Tuesday, July 24, 2018

Colorado first-degree trespass not a crime of moral turpitude; Venzor-Granillo overruled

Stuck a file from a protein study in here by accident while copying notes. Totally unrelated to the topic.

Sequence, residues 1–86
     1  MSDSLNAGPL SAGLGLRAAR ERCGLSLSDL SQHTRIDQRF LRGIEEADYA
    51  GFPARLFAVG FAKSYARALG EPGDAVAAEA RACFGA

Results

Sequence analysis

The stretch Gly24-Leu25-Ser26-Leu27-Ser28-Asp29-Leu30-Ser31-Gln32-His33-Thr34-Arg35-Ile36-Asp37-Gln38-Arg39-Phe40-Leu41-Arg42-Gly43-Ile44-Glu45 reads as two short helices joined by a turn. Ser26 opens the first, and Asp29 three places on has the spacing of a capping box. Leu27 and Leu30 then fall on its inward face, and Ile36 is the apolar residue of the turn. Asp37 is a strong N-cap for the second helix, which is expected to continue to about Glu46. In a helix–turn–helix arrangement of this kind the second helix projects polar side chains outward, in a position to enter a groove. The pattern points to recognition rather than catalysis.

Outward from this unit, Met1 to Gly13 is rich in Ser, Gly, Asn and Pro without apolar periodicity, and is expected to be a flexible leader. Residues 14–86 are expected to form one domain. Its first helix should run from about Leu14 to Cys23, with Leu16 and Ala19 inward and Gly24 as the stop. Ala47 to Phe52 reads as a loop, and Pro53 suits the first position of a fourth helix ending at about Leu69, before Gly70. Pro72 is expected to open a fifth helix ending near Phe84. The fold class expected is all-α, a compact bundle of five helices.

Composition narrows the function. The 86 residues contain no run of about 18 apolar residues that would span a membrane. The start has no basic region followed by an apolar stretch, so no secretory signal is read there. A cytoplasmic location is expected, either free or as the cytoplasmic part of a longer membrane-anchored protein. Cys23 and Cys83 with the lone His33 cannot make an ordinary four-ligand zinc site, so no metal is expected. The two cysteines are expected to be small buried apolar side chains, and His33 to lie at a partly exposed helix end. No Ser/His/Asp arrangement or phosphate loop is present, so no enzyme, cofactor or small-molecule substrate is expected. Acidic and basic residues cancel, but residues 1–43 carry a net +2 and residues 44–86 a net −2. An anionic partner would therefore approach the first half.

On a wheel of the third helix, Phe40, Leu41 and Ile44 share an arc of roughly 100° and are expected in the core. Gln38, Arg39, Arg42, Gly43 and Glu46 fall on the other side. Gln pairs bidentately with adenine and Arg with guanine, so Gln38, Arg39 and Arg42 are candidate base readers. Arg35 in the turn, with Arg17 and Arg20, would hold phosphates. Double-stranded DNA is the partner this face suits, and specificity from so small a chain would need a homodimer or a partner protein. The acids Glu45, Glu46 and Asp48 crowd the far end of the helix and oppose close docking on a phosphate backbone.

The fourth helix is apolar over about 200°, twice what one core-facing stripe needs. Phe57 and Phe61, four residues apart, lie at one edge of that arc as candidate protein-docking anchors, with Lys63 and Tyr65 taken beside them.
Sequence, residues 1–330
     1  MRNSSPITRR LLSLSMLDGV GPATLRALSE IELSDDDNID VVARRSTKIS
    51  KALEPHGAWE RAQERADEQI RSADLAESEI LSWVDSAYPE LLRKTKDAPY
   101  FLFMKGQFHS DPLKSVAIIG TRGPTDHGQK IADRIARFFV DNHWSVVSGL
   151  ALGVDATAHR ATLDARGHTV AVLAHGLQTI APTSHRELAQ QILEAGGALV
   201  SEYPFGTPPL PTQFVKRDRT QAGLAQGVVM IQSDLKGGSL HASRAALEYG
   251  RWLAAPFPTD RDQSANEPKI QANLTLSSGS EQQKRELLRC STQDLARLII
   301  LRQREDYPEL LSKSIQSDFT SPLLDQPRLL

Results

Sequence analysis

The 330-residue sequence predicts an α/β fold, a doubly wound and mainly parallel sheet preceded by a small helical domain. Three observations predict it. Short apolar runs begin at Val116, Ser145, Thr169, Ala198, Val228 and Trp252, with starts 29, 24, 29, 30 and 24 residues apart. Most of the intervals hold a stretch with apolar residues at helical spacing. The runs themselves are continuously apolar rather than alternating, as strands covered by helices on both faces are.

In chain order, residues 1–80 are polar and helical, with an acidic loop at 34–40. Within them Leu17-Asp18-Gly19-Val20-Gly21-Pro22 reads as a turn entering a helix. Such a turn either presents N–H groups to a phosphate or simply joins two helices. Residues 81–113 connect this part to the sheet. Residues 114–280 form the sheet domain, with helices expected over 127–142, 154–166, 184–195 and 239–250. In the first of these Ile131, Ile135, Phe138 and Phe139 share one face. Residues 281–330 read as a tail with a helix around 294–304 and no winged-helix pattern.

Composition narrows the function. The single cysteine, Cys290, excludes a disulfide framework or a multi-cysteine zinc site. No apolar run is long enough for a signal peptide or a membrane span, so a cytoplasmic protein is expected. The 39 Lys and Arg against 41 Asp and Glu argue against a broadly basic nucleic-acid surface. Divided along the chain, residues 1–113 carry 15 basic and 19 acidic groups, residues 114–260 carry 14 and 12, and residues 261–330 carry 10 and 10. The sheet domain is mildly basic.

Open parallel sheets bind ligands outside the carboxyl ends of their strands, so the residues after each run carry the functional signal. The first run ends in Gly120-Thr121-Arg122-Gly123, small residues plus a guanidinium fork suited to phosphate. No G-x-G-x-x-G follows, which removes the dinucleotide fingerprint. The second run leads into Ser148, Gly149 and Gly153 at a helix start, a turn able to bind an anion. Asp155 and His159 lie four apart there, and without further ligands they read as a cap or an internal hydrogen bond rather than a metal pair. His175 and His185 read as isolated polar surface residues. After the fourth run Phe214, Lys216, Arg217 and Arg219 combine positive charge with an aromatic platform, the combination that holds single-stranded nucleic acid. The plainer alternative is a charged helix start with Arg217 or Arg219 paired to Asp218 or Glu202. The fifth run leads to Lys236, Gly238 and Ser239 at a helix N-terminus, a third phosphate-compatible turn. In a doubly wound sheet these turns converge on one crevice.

Lujan-Jimenez v. Sessions, 839 F.3d 704 (10th Cir. 2018): Lujan appealed a BIA final order of removal. The panel found the BIA incorrectly concluded Lujan’s Colorado conviction for first degree criminal trespass was a crime of moral turpitude. That offense can be committed by unlawfully entering a “motor vehicle with intent to commit a crime therein.” The BIA held that the particular crime intended is an element of the offense and therefore, the statute was divisible. The panel disagreed, it said that according to the Colorado Supreme Court, an information charging only that a defendant intended to commit “a crime” contains “all essential elements of the crime of first degree criminal trespass.” It added that in other Colorado cases involving similar crimes, juries have been instructed as to alternative ulterior offenses (e.g. either the accused intended to commit theft or arson). The panel concluded that because the crime intended was a means by which the trespass offense is committed, the Colorado statute was not divisible as to the particular ulterior offense. It also said that a case which held the opposite, United States v. Venzor-Granillo, 668 F.3d 1224 (10th Cir. 2012), cannot be reconciled with the approach to divisibility set forth in Mathis v. United States, 136 S. Ct. 2243, 2249 (2016) and is therefore no longer good law. Colorado first degree criminal trespass sweeps more broadly that the definition of a crime involving moral turpitude.